A Peruvian Autumn – Part 3


 by Filonilo Catalina

who are broken
are always trying to fix ourselves
either with a glass of wine in our hand
or with a syringe in our arms.
we always try to mend ourselves
in church with our hair neatly combed
or with a partner by the hand.
who are broken
walk until our shoes are worn out
we stand in long lines in the pews
and with sad smiles we wait well seated.
who are broken
say good morning without thinking
and without remedy 
we leave this world 
with our suits on and our hair in a ponytail.

Until the last song

by Lourdes Aparicion

In memory of Evelyn Rondinelli, my Blue Orbital

I have searched for you under the rocks
who have been sleeping since you resigned from Ayacucho
your shadow was a blue bird
I was walking the glory
shaggy heads
and the adobe houses
where we lived when you were meat
you used to hide
under that river that led us
and dance to the last song
in dis-crazy parties,
You expected that every night
tear themselves apart before your eyes
with your smile
a blue rainbow
a serene and blue sky
a calm blue river
a blue rain
and this heart that
I know
rips apart

Hymn to Seeing

by Valeria Chauvel

I’ve seen nature, infinite, boundless
The life I see around is countless
There is hope with us, I may prove
I’ve seen them breathe and move.

I’ve seen the night white colours
In between its dark hues
I’ve seen the light undercover
Behind the clouds, it diffuse.

I’ve stopped to walk and talk
To learn, to see and hear
In the space, timeless clock
The beauty and sounds in here.

The New Life

by Willy Gómez

We were leaving in your car and we had an open moon chasing us. 
On your body grew other shores of high meadows, 
and in my hands your photos, my glasses, your citrus cologne and my cigarettes.

We were driving at 120 km/h listening to the radio Tragedies of Priam, 
astonished because of the alum stains on the track 
that darkened the road towards a horizon of frightened lights.  

A protagonist of the escape was going with us to the Lima carnival. 
I was saving for the arrival of its bridges and its gardens, 
the waltzes of the old neighborhood, the adobo recipe and the modern dance.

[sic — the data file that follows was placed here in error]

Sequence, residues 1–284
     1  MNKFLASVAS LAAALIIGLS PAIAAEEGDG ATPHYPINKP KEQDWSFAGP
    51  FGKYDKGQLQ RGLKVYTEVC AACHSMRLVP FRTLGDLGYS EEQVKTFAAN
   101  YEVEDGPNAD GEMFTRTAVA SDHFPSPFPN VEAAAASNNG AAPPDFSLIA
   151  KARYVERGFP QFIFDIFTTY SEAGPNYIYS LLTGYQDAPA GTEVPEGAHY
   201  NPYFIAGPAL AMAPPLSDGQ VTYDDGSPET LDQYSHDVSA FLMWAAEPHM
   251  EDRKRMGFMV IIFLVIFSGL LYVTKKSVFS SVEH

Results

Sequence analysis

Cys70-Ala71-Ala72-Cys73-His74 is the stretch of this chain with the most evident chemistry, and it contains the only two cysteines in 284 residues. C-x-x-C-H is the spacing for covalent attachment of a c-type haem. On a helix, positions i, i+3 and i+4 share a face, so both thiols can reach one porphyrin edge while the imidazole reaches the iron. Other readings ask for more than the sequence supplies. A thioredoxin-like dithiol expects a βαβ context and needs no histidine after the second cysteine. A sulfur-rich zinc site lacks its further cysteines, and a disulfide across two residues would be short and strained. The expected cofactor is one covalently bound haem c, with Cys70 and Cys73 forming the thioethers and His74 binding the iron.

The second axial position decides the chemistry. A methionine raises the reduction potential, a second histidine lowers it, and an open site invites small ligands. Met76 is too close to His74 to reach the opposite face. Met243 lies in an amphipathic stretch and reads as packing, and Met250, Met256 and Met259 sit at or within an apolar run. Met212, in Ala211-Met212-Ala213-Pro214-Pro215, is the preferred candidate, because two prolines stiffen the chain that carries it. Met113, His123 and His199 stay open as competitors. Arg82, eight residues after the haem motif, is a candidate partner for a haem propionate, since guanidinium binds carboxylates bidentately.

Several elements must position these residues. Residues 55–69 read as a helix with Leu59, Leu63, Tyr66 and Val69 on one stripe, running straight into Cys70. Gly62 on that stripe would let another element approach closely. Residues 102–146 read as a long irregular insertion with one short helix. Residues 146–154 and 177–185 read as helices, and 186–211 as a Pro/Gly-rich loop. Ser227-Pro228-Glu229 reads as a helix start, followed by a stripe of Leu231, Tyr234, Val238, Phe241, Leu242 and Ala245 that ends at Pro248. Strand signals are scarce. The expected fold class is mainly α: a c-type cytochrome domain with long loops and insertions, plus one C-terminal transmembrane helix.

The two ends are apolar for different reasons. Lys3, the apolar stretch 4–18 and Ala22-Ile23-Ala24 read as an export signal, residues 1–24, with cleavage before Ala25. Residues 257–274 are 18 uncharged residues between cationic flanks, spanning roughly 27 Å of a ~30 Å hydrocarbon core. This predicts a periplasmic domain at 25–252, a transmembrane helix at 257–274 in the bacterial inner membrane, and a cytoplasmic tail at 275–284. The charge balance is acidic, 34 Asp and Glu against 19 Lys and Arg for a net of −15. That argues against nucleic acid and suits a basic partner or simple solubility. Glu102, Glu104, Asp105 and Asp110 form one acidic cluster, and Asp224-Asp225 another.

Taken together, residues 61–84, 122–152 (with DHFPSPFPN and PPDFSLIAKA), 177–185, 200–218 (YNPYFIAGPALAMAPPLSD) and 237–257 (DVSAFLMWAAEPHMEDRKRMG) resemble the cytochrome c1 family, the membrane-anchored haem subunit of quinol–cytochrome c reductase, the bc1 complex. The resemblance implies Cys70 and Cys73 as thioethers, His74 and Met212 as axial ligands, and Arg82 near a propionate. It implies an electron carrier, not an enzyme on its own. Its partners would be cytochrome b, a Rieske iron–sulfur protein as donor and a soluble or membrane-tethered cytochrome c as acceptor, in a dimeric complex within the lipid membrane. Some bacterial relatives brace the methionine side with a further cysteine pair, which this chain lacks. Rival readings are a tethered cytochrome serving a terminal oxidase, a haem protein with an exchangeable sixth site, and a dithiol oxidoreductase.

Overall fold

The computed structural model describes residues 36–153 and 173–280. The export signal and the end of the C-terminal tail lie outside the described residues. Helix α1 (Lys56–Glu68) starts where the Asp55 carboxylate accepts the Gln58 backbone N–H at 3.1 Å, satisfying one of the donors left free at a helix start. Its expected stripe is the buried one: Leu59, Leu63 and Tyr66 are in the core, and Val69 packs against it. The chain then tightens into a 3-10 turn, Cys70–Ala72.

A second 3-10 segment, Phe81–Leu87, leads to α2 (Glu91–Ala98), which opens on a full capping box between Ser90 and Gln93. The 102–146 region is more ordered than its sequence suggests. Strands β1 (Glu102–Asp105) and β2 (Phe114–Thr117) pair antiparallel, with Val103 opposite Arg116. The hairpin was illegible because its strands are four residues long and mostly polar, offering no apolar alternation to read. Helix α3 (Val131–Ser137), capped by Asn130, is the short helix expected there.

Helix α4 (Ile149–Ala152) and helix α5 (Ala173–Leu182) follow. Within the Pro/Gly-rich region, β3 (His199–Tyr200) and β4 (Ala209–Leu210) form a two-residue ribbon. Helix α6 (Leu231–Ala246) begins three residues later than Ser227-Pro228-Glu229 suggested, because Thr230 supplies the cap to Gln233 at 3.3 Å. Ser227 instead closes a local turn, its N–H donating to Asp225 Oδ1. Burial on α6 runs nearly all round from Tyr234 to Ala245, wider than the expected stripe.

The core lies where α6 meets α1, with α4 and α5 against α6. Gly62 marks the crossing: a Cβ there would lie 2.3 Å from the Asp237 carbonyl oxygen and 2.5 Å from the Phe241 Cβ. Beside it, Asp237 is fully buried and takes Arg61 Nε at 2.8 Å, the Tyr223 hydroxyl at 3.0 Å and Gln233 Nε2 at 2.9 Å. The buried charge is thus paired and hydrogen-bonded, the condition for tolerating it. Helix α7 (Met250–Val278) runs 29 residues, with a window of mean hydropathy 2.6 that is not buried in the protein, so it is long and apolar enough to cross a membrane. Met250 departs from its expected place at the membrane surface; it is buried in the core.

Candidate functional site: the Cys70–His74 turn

Until the narcissus came to us wanting to fight, 
after the desire to go further 
while the cars slowed down one after the other
and slid over the real landscape of wires and poles of the Costa Verde. 

That starless night we were caught in a double collision between machines. 

But we could still hear the sea breaking the waves.

About the Authors 

Lourdes Aparicion (Apurímac, 1993). Lourdes Apari Moscoso, also Lourdes Aparicion. Migrant, activist, psychologist and community cultural manager. She lives in Paracas (Pisco, Ica), where she is the co-founder of the Emergentes del Mar Cultural Group. She is the author of the “Warmi” plaquette. Likewise, she has been invited to participate in different literary events, national and international, and some of her texts make up various literary exhibitions in Peru, Bolivia, Argentina and Mexico. In 2020, she obtained the first honorable mention in the XI El Poeta Joven del Perú Contest with a first version of her book entitled Apacheta.

Filonilo Catalina: He is a cultural manager. He won the COPÉ prize for poetry in 2005 with his book El Monstruo de los Cerros and, in 2015, he obtained the first place for poetry in the “El País de Ofelia” award in Spain with the book Arquitectura de Pájaros. He has published seven books of poetry. In his youth he was a member of the Box team from Arequipa. Nowadays he is currently dedicated to make musical compositions. He directs the label “Rupestre” with which he disseminates the poetry of his country.

Valeria Chauvel Moscoso (1998, Lima, Perú). Studies philosophy at the Pontificia Universidad Católica del Perú, and is as passionate about poetry and visual arts as she is about her career. She has participated in a collective publication with the FCE in the poetry book “Versos desde el encierro” and in the recital of La Huaca es Poesía, “De las voces del Perú y Latinoamérica para el mundo” (From the voices of Peru and Latin America to the world). She is currently part of the organization La Huaca es Poesía. Also, she is about to finish her first collection of poems, where the search for meaning, existential emptiness and the absurd are the themes that prompted the creation of this first book of verses.

Willy Gómez Migliaro was born in Lima-Peru on August 13, 1968. Winner of the Latin American poetry prize Festival de la Lira 2015. He has directed the poetry magazines Polvo enamorado (1990-1992) and Tokapus (1993-1996). He has also published the books of poetry Etérea (2002), Nada como los campos (2003) and La breve eternidad de Raymundo Nóvak (2005), all under the Hipocampo Editores label; Moridor (Pakarina Ediciones, 2010), Construcción Civil (Paracaídas Editores, 2013), Nuevas Batallas (Arteidea Editores, 2013), Pintura roja (Paracaidas Editores, 2016) Lírico puro (Hipocampo Editores, 2017), Among the research books it has been compiler of the book OPEMPE, relatos orales asháninka y nomatsiguenga (Editorial AndesBook, 2009) y Cholos, 13 poetas peruanos nacidos entre el 70 y el 90  (Catafixia, 2014). His poems have appeared in major Spanish-American and European magazines. He has been published in different national and international poetry anthologies. He is currently a professor of literature, creative writing, and literary consultant.

‘Counterpoints’ by Anita Goveas